- Rishabhanatha (son of King Nabhi), the founder of Jainism in the present Avasarpani era (descending half time cycle as per Jain cosmology) is said to have founded the Ikshvaku dynasty. The name for the Ikshvaku dynasty comes from the word ikhsu (sugarcane), another name of Rishabhanatha, because he taught people how to extract ikshu-rasa (sugarcane-juice).
- Bharata Chakravarti (first Chakravartin) and Bahubali (first Kamadeva), sons of Rishabha
- Arkakirti and Marichi, son of Bharata
- at the time of Ajitanatha
- Jitashatru (father of Ajitanatha) and his younger brother Sumitra (father of Sagara)
- Ajitanatha (the 2nd Tirthankara) and Sagara (2nd Chakravartin)
- Janhu (eldest son of Sagara), the one who flooded village of Nagas with waters of Ganga leading to turning of sixty thousand sons of Sagara into ashes by Jawalanprabha (emperor of Nagas)
- Bhagiratha (eldest grandson of Sagara)
- at the time of Sambhavanatha
- at the time of Abhinandananatha
- at the time of Sumatinatha
- at the time of Padmaprabha
- at the time of Suparshvanatha
- at the time of Chandraprabha
- at the time of Pushpadanta
- at the time of Shitalanatha
- at the time of Shreyanasanatha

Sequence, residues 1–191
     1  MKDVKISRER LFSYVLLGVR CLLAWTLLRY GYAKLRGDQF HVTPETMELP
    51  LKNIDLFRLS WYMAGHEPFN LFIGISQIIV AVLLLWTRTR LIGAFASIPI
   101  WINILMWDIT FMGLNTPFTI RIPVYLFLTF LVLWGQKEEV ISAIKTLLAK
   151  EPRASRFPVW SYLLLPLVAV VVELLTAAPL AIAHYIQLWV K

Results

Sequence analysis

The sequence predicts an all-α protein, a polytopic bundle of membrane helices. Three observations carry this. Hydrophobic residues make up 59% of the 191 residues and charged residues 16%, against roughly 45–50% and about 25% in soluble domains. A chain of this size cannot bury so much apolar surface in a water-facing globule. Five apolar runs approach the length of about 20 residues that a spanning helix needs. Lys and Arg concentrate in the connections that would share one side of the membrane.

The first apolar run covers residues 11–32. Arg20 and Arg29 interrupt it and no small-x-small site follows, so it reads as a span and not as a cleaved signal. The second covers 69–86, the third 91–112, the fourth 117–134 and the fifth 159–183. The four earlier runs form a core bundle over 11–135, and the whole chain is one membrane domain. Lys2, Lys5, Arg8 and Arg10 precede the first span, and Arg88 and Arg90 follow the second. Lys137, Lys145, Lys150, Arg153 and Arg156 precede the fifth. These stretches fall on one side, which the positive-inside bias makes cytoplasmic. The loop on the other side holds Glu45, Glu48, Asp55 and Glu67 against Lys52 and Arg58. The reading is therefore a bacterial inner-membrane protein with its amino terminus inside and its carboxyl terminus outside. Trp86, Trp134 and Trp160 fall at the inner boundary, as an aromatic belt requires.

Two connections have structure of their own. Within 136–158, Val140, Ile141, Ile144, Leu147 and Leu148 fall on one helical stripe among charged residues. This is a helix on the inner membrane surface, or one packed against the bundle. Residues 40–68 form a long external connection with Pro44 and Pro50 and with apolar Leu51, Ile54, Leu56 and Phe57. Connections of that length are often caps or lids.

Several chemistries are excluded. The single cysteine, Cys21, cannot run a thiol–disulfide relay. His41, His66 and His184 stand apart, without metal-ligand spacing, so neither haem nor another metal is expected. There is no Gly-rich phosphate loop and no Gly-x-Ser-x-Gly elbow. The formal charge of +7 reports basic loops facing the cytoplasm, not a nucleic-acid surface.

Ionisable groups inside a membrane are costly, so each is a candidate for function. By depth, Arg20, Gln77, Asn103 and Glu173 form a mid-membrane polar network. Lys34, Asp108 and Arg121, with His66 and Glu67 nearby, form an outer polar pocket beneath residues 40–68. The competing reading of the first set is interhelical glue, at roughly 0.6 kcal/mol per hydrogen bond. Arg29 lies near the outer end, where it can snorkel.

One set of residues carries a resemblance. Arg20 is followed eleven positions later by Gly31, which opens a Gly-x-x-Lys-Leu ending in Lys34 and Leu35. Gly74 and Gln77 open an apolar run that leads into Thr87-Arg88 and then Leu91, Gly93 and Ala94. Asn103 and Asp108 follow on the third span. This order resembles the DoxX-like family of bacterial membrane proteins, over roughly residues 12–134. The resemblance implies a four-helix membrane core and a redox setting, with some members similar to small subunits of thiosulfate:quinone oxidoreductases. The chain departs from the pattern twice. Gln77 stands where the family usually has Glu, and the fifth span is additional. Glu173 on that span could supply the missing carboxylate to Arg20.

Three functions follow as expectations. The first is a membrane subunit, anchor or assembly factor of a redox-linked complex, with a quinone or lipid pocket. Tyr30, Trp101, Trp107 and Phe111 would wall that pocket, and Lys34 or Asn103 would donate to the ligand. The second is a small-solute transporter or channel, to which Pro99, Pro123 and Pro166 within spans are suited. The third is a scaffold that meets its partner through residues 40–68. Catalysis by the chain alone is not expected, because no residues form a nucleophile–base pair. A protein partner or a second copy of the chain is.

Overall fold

- at the time of Vasupujya
- at the time of Vimalanatha
- at the time of Anantanatha
- at the time of Dharmanatha
- at the time of Shantinatha
- at the time of Kunthunatha
- at the time of Aranatha
- at the time of Mallinatha
- at the time of Munisuvrata (Munisuvrata himself was not from Ikshvaku, but Harivamsa)
- at the time of Naminatha
- at the time of Parshvanatha
- at the time of Mahavira
- Geography of Rigvedic India, M.L. Bhargava, Lucknow 1964, pp. 15-18, 46-49, 92-98, 100-/1, 136
- Ikshaku tribe The Mahabharata translated by Kisari Mohan Ganguli (1883 -1896), Book 3: Vana Parva: Tirtha-yatra Parva: Section CVI, p. 228 'There was born in the family of the Ikshaku, a ruler of the earth named Sagara, endued with beauty, and strength...".
- Zimmer 1952, p. 220
- Zimmer 1952, p. 218
- Malalasekera, G. P. (2007) . Dictionary of Pāli Proper Names: A-Dh. Delhi: Motilal Banarsidass. pp. 461–2. ISBN 978-81-208-3021-9.
- A.K.Mazumdar 2008, p. 161.
- A.K.Mazumdar 2008, p. 159.
- Law, B.C. (1973). Tribes in Ancient India, Bhandarkar Oriental Series No.4, Poona: Bhandarkar Oriental Research Institute, p.246
- Misra, V.S. (2007). Ancient Indian Dynasties, Mumbai: Bharatiya Vidya Bhavan, ISBN 81-7276-413-8, p.286
- Geiger, Wilhelm (tr.) (1912). "Mahavamsa, Chapter II". Ceylon Government Information Dept., Colombo (in lakdvia.org website). Retrieved 26 October 2009.
- "Okkāka". Palikanon. Retrieved 13 August 2019.
- Jain 1991, p. 2.
- Jain 1991, p. 5.
- Shah 2004, p. 15.
- Shah, Chandraprakash, Shri Shantinatha, 16th Tirthankara
- Jain 1991, p. 161.
- Zimmer, Heinrich (1952), Joseph Campbell (ed.), Philosophies of India, London, E.C. 4: Routledge & Kegan Paul Ltd, ISBN 978-81-208-0739-6CS1 maint: location (link)
- Shah, Natubhai (2004), Jainism: The World of Conquerors, Motilal Banarsidass, ISBN 978-81-208-1938-2
- Jain, Kailash Chand (1991), Lord Mahavira and his times, Delhi: Motilal Banarsidass, ISBN 978-81-208-0805-8
- A.K.Mazumdar (2008). The Hindu history. Rupa Publications India. ISBN 978-81-86772-17-1.
Kulakara (in Jainism)
|Ikshvaku Dynasty||Succeeded by|